Nice People Dancing to Good Country Music

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    The title of this quirky and very funny play by award-winning playwright Lee Blessing is also the name of the Texas bar where the romantic family comedy takes place.

    I’m a natural laugher. It doesn’t take much to get me going—especially when I’m surrounded by kindred sprits. My date, on the other hand, is not. And it wasn’t until about halfway through the first act of Nice People Dancing to Good Country Music that he lightened up and realized that the show, first, was pretty darn funny, and second, had very little to do with country music.

    Act one of this charmer is definitely for the boys, complete with car talk, beer swiggin’, and mild good ol’ boy humor. The Texas twang from Jim, played by David Bridgewater, and Roy, played by Matthew Mitchell, hangs in the air as this pair of hicks discusses life, love, and ambition – or lack thereof in young Roy’s case. Jim owns the bar, which he’ll tell you, used to be a bad-ass biker bar before he fell hard for Eva Jean, a transplant from the North who not only changed the name of his beloved bar, but also, much to Jim’s dismay, had the dirt parking lot paved with…gasp! Asphalt.

    We don’t formally meet Eva Jean until act two, when we also are introduced to her niece Catherine from the North, a novice, or nun-in-training, who has been kicked out of the convent. Upon meeting the angelic Catherine, the dim-witted and kind-hearted Roy is absolutely convinced that he has found true love. The elder Jim spends the rest of the play talking Roy out of love in general, and in particular steering him clear of even an attempt at romance with Catherine.

    For comedic effect, factor in a psychological Tourette-like syndrome that has one of the characters spouting off inappropriate phrases at very funny times and Eva Jean’s spoiled son Jason (also visiting from the North, whom Jim has aptly renamed Jay Bob in true Texas style) and the result is a hilarious two-act play that pokes good clean fun at life, love, marriage, the South, the North, religion, and intellectualism.

    While I enjoyed Bridgewater in Scorched Earth at Willow Lawn a few months ago, the role of Jim seemed to be written just for him. Were those real tattoos? I kept wondering. And after seeing Nice People Dancing, I had to kick myself for missing Mitchell in Henley Street Theatre Company’s The Liar. He shone as Roy, the philosophical dullard who digs ditches for a living.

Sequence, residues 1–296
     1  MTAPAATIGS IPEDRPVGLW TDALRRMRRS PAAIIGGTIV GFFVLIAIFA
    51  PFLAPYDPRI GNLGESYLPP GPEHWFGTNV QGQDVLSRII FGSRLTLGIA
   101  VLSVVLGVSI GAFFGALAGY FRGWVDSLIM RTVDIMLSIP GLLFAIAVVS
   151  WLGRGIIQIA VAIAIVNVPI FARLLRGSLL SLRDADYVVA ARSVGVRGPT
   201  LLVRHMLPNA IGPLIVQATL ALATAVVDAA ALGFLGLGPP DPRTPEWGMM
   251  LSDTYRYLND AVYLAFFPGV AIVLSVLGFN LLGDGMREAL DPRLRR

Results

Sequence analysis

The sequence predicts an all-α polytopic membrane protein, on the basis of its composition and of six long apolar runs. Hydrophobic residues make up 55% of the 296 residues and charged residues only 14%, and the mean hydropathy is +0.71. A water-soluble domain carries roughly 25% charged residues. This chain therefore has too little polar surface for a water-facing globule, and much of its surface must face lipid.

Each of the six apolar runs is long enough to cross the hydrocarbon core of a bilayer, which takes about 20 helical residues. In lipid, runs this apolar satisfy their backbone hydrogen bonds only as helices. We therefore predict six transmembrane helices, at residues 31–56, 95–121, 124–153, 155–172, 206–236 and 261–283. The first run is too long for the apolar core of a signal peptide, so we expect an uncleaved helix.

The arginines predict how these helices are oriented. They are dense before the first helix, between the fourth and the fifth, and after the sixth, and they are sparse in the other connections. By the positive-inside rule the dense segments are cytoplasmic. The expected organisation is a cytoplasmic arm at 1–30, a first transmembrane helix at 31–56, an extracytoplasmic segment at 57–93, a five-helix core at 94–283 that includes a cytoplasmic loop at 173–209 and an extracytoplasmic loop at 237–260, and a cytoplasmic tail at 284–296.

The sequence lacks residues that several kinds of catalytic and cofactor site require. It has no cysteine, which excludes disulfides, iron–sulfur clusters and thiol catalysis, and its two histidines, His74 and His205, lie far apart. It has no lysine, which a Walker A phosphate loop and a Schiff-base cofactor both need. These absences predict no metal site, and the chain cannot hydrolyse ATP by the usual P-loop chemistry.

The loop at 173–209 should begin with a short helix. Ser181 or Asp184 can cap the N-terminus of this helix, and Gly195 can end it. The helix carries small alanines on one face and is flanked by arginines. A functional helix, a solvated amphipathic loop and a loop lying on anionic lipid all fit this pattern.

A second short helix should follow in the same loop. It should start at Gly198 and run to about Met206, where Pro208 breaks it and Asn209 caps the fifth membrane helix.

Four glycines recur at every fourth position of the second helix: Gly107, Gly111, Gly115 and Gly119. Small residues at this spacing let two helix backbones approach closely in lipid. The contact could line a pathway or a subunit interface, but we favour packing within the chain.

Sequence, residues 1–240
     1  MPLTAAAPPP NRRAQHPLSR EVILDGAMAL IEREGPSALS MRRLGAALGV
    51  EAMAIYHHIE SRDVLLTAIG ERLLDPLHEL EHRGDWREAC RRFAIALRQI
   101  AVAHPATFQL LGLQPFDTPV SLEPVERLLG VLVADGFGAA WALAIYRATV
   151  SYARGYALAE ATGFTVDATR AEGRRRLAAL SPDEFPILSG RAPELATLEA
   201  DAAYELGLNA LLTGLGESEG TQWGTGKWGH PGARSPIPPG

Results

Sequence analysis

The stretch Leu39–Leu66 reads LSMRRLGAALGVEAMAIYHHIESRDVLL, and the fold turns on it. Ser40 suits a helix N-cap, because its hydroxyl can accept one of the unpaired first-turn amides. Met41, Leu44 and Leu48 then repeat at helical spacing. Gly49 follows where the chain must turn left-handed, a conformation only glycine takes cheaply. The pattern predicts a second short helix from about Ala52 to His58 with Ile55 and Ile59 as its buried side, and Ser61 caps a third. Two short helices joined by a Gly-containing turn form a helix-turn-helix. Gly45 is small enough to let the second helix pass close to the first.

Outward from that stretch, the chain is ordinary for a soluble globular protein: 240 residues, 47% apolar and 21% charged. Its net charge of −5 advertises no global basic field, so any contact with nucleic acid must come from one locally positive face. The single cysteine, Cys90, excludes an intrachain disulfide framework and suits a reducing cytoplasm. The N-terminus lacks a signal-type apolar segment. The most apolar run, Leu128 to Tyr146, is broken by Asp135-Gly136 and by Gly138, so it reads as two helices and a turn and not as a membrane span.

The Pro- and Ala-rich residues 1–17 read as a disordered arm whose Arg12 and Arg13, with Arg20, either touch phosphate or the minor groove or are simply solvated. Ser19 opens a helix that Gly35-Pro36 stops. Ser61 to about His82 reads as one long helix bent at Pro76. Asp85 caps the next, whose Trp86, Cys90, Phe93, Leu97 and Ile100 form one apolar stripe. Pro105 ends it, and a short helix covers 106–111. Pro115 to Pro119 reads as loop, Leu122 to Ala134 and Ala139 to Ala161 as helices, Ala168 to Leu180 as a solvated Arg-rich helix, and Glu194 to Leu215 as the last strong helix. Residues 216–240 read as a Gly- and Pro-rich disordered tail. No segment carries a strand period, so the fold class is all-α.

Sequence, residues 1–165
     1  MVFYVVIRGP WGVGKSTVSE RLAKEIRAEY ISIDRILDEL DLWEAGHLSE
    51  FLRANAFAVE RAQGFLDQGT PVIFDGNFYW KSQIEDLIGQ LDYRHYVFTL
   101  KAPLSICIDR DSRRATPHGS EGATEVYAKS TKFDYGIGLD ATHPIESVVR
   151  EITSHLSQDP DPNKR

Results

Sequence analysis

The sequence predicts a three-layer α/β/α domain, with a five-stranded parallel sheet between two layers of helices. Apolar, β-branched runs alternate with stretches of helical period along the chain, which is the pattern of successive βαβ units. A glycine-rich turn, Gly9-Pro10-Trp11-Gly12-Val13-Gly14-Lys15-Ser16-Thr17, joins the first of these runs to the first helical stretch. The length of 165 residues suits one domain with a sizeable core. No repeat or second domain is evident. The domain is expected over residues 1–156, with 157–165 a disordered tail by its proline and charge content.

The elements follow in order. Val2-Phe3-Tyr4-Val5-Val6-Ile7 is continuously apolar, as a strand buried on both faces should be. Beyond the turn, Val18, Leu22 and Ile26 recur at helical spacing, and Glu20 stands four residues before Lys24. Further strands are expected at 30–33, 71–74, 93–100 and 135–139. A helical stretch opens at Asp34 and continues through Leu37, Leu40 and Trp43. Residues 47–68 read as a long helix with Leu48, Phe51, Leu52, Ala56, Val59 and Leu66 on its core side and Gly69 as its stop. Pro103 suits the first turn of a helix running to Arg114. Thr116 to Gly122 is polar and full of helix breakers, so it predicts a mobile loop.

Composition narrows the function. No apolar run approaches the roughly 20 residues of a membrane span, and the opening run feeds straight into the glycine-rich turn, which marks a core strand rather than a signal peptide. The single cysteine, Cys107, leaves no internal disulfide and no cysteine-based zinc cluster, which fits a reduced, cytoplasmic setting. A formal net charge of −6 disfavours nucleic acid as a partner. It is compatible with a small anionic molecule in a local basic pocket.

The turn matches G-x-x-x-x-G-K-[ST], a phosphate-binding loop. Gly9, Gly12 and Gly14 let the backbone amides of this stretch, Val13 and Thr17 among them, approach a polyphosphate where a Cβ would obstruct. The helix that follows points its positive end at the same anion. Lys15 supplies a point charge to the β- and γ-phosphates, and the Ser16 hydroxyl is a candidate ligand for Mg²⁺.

What more could you want? Well, I was also very impressed with the work of Terrie Powers and Hilary Koss, the creative masterminds behind the set design and sound for the play. The only things I didn’t particularly care for were the title and the interminable drive to Hanover Tavern. Although every production I’ve seen there has been well worth the trek. Next time I head that way though, I will take the advice of friends we saw at Nice People Dancing to Good Country Music last Friday, and enjoy dinner. They were still smiling when they told us the crab cakes were awesome. In the meantime, I recommend this one for date-night for just about anyone, and for parents with kids, I would say 14 and up, mostly due to language and mild sexuality themes. (Although I prefer this sort of innocuous presentation to a movie anytime!)

    Reviewed by Karen Schwartzkopf.

     

    Nice People Dancing to Good Country Music runs now through August 26 at Hanover Tavern.

    See RFM’s Nice People Dancing to Good Country Music event listing.

     

    Full Price: $38 | Seniors (60+): $35 |

    Ages 18 and under: $19

    Groups: $28 – $32 depending on group size
    Rush Tickets: $19

    U-Tix for university and high school students: $10